I also had body dysmorphia, which means that I had little concept about my actual body size through looking at myself in the mirror. If I looked in the mirror, and I’d binged shortly before, I’d feel obese, look obese, and have this sense of being a bad person. But if I’d gone a few hours without bingeing, I’d look thin and feel great physically and emotionally.

I’d go on starvation diets, and know that the moment I picked up foods I wasn’t “allowed” to eat, there was no going back. The diet was over. Until I’d try — and fail again.

Light-bulb Moments

Those experiences would turn out to be my first introduction to myself, the catalyst for my eventual realization that I just couldn’t tolerate carbs. There’s nothing wrong with carbohydrates or sugar, of course — but they made my body go haywire.

Though I’d only come to understand it later, this was the reason none of these diets were successful. Think about, for example, the average tuna salad-baked potato dish. Whereas most people would find that a pretty satisfying, wholesome lunch, and wouldn’t need to eat for a couple of hours afterward, it would have the opposite effect on me, and I wouldn’t feel satisfied until I kept going and going and was absolutely stuffed.

One memorable day was a day I’d woken up, looked in the mirror, and said to myself, like I’d been taught to do, “You can do it, Elisheva, you’re amazing, you can do it.” Pumped with adrenaline and the tentative taste of potential success with whatever new diet I was experimenting, I weighed out my bowl of oatmeal, cut up the right amount of fruit, and added a dollop of honey. A nice healthy breakfast by anyone’s standards. Yet nobody could figure out why by nine a.m. that morning I was bingeing on carbs like I’d done every single day before this one, and on every single diet I’d ever tried. The failure I felt that morning was so severe, I forgot any sense of empowerment I’d felt earlier, and all I heard was my own disgusted voice, “You’re pathetic, you’re a loser, look in the mirror, you’re so fat, why can’t you just stick to it….”

All because I’d started the day with oatmeal.

I didn’t know it then, but I do now. Sugar and carbs are toxic to my system. When they enter my body, in any form and any quantity, they set off an uncontrollable urge to eat more and more, and the cycle is impossible to break.

I wasn’t crazy. I was sick. I had a food addiction.

But the road to acceptance and understanding was still very long in coming.

As I reached my older teen years, my struggles only intensified. I missed out on meeting up with friends, I bailed out on people — some of whom are no longer alive to make amends to, one of my most painful regrets. I was dishonest to my parents about what I ate and would make my friends promise not to tell my parents when I slipped. My friends all knew about this big ugly Thing.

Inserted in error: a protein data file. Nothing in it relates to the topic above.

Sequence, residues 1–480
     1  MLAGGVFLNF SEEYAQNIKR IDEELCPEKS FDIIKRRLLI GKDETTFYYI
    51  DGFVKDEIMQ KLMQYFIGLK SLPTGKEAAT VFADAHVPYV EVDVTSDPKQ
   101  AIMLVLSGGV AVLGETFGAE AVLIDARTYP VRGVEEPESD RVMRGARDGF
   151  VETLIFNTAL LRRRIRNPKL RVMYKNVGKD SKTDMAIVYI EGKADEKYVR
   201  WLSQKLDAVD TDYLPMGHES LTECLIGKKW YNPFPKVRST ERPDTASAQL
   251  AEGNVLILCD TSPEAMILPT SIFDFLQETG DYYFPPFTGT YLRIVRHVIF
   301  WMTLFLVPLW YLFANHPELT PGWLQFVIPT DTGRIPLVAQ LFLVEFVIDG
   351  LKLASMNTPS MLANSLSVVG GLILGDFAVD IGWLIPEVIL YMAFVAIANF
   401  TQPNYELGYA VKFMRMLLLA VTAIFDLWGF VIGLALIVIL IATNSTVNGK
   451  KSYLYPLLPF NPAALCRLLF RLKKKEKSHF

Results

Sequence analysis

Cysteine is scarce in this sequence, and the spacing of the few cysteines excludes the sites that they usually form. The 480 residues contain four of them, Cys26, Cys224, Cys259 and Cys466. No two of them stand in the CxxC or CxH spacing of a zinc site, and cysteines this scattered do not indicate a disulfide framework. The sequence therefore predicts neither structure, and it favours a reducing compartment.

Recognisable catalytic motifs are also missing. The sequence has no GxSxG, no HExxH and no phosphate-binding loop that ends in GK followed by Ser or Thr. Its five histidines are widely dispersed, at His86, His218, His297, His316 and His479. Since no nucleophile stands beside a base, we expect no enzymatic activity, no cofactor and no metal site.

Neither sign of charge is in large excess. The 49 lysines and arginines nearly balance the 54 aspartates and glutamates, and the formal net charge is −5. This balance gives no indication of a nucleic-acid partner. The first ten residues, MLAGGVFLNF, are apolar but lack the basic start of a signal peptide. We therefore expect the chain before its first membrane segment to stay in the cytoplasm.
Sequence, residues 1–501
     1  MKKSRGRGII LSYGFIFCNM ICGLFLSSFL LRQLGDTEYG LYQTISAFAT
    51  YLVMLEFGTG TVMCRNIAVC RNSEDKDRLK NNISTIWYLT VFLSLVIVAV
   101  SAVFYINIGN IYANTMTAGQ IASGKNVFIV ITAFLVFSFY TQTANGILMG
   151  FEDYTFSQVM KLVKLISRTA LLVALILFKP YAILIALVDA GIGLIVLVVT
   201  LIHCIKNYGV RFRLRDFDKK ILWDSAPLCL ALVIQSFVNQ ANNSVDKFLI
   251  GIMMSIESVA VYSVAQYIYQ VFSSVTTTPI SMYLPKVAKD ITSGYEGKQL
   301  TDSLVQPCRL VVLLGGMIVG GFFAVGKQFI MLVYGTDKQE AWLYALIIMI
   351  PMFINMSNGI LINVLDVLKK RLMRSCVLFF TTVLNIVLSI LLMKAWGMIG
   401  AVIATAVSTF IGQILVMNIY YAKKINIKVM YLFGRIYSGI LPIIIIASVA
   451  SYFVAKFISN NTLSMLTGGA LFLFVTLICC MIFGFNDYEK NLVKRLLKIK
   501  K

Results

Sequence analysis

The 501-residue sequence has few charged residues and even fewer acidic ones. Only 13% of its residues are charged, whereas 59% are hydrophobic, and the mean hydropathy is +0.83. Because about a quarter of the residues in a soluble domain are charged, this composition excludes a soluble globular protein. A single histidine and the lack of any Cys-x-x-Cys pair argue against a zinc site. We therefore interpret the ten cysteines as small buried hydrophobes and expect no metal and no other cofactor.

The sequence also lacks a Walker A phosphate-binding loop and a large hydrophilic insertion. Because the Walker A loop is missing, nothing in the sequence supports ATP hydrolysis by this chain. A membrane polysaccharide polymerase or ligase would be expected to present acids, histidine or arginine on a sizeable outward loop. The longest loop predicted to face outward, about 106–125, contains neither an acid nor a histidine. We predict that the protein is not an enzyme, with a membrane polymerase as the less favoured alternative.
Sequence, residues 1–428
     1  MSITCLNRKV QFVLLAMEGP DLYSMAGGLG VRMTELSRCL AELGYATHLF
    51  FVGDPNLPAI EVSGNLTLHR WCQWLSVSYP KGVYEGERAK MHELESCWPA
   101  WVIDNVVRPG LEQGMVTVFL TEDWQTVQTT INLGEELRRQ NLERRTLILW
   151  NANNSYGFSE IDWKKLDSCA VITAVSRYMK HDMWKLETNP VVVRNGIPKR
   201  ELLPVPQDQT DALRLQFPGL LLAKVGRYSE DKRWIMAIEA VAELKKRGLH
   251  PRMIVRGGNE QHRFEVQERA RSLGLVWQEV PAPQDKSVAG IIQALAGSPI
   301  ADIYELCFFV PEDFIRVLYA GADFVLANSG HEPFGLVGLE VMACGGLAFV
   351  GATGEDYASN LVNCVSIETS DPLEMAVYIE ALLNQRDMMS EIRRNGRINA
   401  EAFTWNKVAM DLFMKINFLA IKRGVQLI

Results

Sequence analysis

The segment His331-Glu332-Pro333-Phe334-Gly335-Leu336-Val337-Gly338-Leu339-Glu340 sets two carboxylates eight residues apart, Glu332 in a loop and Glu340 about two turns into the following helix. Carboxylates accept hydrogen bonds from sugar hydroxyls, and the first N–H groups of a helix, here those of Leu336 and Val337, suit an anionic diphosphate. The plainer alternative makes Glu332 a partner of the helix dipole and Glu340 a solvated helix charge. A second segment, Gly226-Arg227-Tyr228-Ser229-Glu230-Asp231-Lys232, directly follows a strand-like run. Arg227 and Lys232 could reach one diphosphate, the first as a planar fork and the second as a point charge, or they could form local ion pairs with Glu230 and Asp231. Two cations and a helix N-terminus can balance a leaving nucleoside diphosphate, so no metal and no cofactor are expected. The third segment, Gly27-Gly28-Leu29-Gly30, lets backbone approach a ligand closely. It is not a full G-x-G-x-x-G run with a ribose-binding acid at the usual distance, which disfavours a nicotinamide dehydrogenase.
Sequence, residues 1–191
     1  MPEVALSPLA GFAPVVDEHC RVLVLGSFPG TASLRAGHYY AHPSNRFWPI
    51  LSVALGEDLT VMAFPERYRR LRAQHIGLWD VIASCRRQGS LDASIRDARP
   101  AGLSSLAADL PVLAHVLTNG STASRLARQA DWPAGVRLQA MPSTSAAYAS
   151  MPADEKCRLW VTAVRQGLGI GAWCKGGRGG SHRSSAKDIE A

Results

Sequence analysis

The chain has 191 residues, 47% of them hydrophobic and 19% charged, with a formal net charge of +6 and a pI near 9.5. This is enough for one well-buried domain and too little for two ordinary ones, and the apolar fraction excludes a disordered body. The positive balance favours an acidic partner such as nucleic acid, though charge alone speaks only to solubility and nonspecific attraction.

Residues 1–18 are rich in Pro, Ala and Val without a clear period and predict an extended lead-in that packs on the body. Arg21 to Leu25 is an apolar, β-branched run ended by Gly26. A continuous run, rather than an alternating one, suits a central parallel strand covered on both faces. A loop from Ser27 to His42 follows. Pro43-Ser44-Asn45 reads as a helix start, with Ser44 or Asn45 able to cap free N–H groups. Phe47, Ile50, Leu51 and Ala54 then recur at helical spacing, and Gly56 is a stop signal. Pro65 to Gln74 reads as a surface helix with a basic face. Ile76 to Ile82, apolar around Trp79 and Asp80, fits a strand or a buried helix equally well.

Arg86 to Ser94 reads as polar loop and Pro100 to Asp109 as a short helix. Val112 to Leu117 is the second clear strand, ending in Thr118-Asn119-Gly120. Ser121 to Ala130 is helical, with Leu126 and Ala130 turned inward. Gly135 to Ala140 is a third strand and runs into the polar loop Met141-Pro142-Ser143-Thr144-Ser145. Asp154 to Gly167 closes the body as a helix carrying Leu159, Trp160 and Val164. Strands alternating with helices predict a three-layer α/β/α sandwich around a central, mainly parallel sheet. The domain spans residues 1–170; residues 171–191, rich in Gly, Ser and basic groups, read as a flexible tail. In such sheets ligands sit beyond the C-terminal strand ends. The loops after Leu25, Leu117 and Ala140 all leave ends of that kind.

I’d “call in sick” to friends’ simchahs, embarrassed by my appearance, and not trusting myself to be around food in public. I was miserable, ashamed, and angry. I had back pain, poor posture, was termed “pre-diabetic,” and my weight made it difficult for me to get around. I felt out of place everywhere I went, and never felt I could look nice.

And I was consumed with thoughts about food. The fastest ways to stuff it all in….

In this fog of misery and self-loathing, I couldn’t pick up on instructions and cues like that of a well-balanced person. I’d sit in the car with my parents and think only about food; I didn’t pay attention to where I was going. When I went abroad with my best friend and we rented a car together, I couldn’t understand how she knew where to go in a completely foreign country. I couldn’t clear the thoughts of eating out of my head to make room for other cognitive activity.

And I felt there would never be a way out.

The Road to Healing

Miracles come in many forms, and for me, getting married was one of the biggest miracles I experienced.

Marriage meant a fresh start, a balm to my fragmented spirit. For the first time ever, I was in a new environment. And for the first time ever, I met someone up-close who was completely normal around food. My husband would do as much as to start a chocolate bar and leave the rest lying around, and I’d gape at him in disbelief.

But marriage also meant new stressors, and my never-ending cycle of dieting and failing, dieting and failing, resumed with a vengeance. One particularly stressful day on which I’d received bad news, I ate an entire container of ice cream. I was as hopeless as ever before.